CAS  PubMed  Google Scholar 

  19. 19.

    Jain, N. & Walker, W. A. Diet and host-microbial crosstalk in postnatal intestinal immune homeostasis. Nat. Rev. Gastroenterol. Hepatol. 12, 14–25 (2014).

    PubMed  Google Scholar 

  20. 20.

    Demers-Mathieu, V. et al. Differences in maternal immunoglobulins within mother’s own breast milk and donor breast milk and across digestion in preterm infants. Nutrients 11, 920 (2019).

    CAS  PubMed Central  Google Scholar 

  21. 21.

    Dallas, S. & Rolfe, R. Binding of Clostridium difficile toxin A to human milk secretory component. J. Med. Microbiol. 47, 879–888 (1998).

    CAS  PubMed  Google Scholar 

  22. 22.

    Demers-Mathieu, V. et al. Antenatal influenza A-specific IgA, IgM, and IgG antibodies in mother’s own breast milk and donor breast milk, and gastric contents and stools from preterm infants. Nutrients 11, 1567 (2019).

    CAS  PubMed Central  Google Scholar 

  23. 23.

    Demers-Mathieu, V., Underwood, M. A., Beverly, R. L., Nielsen, S. D. & Dallas, D. C. Comparison of human milk immunoglobulin survival during gastric digestion between preterm and term infants. Nutrients 10, 631 (2018).

    PubMed Central  Google Scholar 

  24. 24.

    Mehta, R. & Petrova, A. Biologically active breast milk proteins in association with very preterm delivery and stage of lactation. J. Perinatol. 31, 58 (2011).

    CAS  PubMed  Google Scholar 

  25. 25.

    Breakey, A. A., Hinde, K., Valeggia, C. R., Sinofsky, A. & Ellison, P. T. Illness in breastfeeding infants relates to concentration of lactoferrin and secretory immunoglobulin A in mother’s milk. Evol. Med. Public Health 2015, 21–31 (2015).

    PubMed  PubMed Central  Google Scholar 

  26. 26.

    Hassiotou, F. et al. L. Maternal and infant infections stimulate a rapid leukocyte response in breastmilk. Clin. Transl. Immunol. 2, e3 (2013).

    CAS  Google Scholar 

  27. 27.

    Raya, B. A. et al. The induction of breast milk pertussis specific antibodies following gestational tetanus–diphtheria–acellular pertussis vaccination. Vaccine 32, 5632–5637 (2014).

    PubMed  Google Scholar 

  28. 28.

    Insel, R. A. Potential alterations in immunogenicity by combining or simultaneously administering vaccine components. Ann. N. Y. Acad. Sci. 754, 35–48 (1995).

    CAS  PubMed  Google Scholar 

  29. 29.

    Siddiqua, T. J. et al. Vitamin B12 supplementation during pregnancy and postpartum improves B12 status of both mothers and infants but vaccine response in mothers only: a randomized clinical trial in Bangladesh. Eur. J. Nutr. 55, 1 (2019).

    Google Scholar 

  30. 30.

    Lang, P. O. & Aspinall, R. Can we translate vitamin D immunomodulating effect on innate and adaptive immunity to vaccine response? Nutrients 7, 2044–2060 (2015).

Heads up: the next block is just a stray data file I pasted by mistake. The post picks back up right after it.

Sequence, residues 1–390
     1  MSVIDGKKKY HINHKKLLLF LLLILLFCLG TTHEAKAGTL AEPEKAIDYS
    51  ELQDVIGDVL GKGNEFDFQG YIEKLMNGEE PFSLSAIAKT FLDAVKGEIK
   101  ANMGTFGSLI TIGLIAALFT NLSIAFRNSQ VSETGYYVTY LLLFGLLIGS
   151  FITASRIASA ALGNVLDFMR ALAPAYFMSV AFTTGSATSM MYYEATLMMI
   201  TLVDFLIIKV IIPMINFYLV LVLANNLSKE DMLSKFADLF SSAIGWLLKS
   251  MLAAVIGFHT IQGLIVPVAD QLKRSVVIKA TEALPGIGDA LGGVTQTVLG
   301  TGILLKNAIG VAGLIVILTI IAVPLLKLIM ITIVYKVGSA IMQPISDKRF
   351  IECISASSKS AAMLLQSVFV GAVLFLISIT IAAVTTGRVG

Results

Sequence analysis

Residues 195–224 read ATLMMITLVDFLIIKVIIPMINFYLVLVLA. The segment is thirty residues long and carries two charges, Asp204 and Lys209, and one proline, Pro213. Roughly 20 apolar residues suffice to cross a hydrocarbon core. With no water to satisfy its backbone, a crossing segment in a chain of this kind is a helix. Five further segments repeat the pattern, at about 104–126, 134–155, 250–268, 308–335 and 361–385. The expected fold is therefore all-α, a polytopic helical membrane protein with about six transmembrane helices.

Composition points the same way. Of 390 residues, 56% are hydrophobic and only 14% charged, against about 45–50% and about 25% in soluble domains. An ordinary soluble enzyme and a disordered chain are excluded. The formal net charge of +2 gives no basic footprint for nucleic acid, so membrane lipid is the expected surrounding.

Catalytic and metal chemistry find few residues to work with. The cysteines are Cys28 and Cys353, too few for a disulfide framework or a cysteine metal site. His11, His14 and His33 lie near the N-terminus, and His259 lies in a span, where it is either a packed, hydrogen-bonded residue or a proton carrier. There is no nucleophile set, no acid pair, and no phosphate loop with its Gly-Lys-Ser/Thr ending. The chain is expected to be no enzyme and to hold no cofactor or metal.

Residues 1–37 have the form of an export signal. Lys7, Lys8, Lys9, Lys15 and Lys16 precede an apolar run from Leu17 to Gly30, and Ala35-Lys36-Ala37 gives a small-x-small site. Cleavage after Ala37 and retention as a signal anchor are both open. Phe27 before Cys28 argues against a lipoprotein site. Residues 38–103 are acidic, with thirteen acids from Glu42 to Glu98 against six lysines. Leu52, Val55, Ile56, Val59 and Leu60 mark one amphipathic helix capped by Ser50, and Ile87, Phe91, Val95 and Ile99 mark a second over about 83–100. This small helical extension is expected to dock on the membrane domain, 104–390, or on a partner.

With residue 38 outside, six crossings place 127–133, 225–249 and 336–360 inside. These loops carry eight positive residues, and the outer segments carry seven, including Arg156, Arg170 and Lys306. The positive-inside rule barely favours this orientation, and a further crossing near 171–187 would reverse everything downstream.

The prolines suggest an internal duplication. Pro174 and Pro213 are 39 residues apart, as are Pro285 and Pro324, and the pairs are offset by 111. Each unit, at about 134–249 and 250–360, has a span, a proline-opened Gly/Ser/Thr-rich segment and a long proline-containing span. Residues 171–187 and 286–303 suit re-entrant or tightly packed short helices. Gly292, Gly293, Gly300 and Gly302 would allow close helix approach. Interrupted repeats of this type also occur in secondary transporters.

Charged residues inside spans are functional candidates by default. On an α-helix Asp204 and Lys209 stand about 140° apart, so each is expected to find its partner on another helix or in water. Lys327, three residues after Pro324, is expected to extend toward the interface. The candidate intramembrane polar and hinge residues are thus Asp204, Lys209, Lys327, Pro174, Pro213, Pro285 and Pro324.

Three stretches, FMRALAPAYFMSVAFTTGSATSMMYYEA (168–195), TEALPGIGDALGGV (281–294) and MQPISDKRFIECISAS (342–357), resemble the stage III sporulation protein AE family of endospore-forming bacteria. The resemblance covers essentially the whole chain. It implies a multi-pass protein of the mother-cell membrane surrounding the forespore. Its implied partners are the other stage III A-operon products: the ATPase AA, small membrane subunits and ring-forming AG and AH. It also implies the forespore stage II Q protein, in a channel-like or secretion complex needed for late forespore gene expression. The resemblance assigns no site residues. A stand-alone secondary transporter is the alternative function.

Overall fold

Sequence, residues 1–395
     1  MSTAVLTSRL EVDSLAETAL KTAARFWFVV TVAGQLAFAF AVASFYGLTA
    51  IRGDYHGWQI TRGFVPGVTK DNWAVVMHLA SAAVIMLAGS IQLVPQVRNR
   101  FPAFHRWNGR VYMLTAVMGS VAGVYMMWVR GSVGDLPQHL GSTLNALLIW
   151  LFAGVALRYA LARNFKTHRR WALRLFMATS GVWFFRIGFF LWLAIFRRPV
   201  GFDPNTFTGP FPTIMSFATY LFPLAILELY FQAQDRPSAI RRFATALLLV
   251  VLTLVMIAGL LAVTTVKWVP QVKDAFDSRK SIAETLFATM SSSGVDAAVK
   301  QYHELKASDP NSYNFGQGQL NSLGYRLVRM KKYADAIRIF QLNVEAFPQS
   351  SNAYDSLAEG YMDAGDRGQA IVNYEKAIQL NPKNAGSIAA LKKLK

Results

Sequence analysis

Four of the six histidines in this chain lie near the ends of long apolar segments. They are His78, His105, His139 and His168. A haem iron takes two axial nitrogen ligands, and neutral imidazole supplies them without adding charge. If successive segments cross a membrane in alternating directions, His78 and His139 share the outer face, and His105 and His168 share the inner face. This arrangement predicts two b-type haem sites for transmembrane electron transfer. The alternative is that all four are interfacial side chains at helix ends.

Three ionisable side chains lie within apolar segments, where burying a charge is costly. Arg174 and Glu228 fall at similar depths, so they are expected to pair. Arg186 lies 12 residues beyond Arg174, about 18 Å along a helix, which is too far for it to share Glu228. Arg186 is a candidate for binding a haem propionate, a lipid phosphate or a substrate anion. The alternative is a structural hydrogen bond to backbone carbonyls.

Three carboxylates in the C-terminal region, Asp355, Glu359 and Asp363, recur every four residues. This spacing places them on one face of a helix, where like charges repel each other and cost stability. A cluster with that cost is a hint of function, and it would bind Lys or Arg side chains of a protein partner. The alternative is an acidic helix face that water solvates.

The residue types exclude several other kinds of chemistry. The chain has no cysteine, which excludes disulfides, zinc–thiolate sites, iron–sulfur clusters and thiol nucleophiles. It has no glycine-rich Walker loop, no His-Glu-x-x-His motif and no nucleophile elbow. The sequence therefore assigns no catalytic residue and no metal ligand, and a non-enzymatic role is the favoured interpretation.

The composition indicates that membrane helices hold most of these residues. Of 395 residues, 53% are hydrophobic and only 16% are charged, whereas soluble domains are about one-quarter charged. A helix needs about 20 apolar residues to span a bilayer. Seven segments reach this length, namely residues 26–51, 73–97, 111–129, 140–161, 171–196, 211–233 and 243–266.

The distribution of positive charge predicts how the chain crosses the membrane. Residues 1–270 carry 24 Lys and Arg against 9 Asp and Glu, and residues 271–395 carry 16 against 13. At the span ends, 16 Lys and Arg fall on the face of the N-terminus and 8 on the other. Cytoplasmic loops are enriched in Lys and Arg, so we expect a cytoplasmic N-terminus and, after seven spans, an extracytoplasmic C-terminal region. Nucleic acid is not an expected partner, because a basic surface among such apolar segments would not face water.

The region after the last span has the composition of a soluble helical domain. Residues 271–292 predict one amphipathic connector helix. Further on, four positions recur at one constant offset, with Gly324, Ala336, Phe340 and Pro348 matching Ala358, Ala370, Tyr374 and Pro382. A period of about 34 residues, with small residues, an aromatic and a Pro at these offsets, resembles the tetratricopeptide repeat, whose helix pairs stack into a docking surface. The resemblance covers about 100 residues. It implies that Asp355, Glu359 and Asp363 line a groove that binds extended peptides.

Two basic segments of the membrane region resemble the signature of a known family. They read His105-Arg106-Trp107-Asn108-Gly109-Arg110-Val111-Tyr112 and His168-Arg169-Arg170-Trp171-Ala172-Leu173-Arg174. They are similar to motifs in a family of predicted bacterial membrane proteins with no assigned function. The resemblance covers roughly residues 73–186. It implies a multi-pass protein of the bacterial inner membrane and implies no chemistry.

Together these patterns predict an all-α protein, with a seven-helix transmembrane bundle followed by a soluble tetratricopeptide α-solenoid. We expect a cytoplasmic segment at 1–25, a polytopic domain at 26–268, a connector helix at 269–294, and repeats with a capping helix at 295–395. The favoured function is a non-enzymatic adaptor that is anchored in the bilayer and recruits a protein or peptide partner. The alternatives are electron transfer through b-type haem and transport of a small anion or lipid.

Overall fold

CAS  PubMed  PubMed Central  Google Scholar 

  31. 31.

    Jafarzadeh, A. et al. The association of the vitamin D status with the persistence of anti-HBs antibody at 20 years after primary vaccination with recombinant hepatitis B vaccine in infancy. Clin. Res. Hepatol. Gastroenterol. 41, 66–74 (2017).

    CAS  PubMed  Google Scholar 

  32. 32.

    Khodayar-Pardo, P., Mira-Pascual, L., Collado, M. C. & Martinez-Costa, C. Impact of lactation stage, gestational age and mode of delivery on breast milk microbiota. J. Perinatol. 34, 599–605 (2014).

    CAS  PubMed  Google Scholar 

  33. 33.

    Perez, P. F. et al. Bacterial imprinting of the neonatal immune system: lessons from maternal cells? Pediatrics 119, e724–e732 (2007).

    PubMed  Google Scholar 

  34. 34.

    Donnet-Hughes, A. et al. Potential role of the intestinal microbiota of the mother in neonatal immune education. P. Nutr. Soc. 69, 407–415 (2010).

    Google Scholar 

  35. 35.

    Wu, W. et al. Microbiota metabolite short-chain fatty acid acetate promotes intestinal IgA response to microbiota which is mediated by GPR43. Mucosal Immunol. 10, 946–956 (2016).

    PubMed  PubMed Central  Google Scholar 

  36. 36.

    LeBlanc, J. G. et al. Beneficial effects on host energy metabolism of short-chain fatty acids and vitamins produced by commensal and probiotic bacteria. Microb. Cell Fact. 16, 1 (2019).

    Google Scholar 

  37. 37.

    Baldassarre, M. et al. Administration of a multi-strain probiotic product to women in the perinatal period differentially affects the breast milk cytokine profile and may have beneficial effects on neonatal gastrointestinal functional symptoms. Nutrients 8, 677 (2016).

    PubMed Central  Google Scholar 

  38. 38.

    Quin, C. et al. Probiotic supplementation and associated infant gut microbiome and health: a cautionary retrospective clinical comparison. Sci. Rep. 8, 1–16 (2018).

    CAS  Google Scholar 

  39. 39.

    Kuitunen, M., Kukkonen, A. K. & Savilahti, E. Impact of maternal allergy and use of probiotics during pregnancy on breast milk cytokines and food antibodies and development of allergy in children until 5 years. Int. Arch. Allergy Immunol. 159, 162–170 (2012).

    CAS  PubMed  Google Scholar 

  40. 40.

    Böttcher, M. F., Jenmalm, M. C., Garofalo, R. P. & Björkstén, B. Cytokines in breast milk from allergic and nonallergic mothers. Pediatr. Res. 47, 157 (2000).

    PubMed  Google Scholar 

  41. 41.

    Lovelady, C. A., Hunter, C. P. & Geigerman, C. Effect of exercise on immunologic factors in breast milk. Pediatrics 111, e148–e152 (2003).

    PubMed  Google Scholar 

Download references

Acknowledgements

We thank all study participants for their valuable contributions. We also want to thank Adrianne Weir and Jennifer Medo for the recruitment of mothers and the management of milk samples. The authors disclosed receipt of the financial support from Medolac Laboratories (A Public Benefit Corporation) for the conduct of the study.

Author information

Affiliations

Authors

Contributions

V.D.-M. conceptualized and designed the study, carried out the statistical analysis, drafted the manuscript, and approved the final paper as submitted. V.D.-M. has primary responsibility for the final content. G.M., C.D., and D.M.D. carried out ELISA analyses and E.M. conceptualized the study. G.M., C.D., D.M.D., and E.M. critically revised the paper and approved the final paper as submitted.

Corresponding author

Correspondence to Veronique Demers-Mathieu.

Ethics declarations

Competing interests

The authors are employees of Medolac Laboratories (A Public Benefit Corporation).

Patient consent

Written consents to use their milk for research were obtained from those mothers.

Additional information

Publisher’s note Springer Nature remains neutral with regard to jurisdictional claims in published maps and institutional affiliations.

Supplementary information

Rights and permissions

Reprints and Permissions

About this article

Verify currency and authenticity via CrossMark

Cite this article

Demers-Mathieu, V., Mathijssen, G., Dapra, C. et al. Active free secretory component and secretory IgA in human milk: do maternal vaccination, allergy, infection, mode of delivery, nutrition and active lifestyle change their concentrations?. Pediatr Res 89, 795–802 (2021). https://doi.org/10.1038/s41390-020-0966-7

Download citation

Further reading

Search

Quick links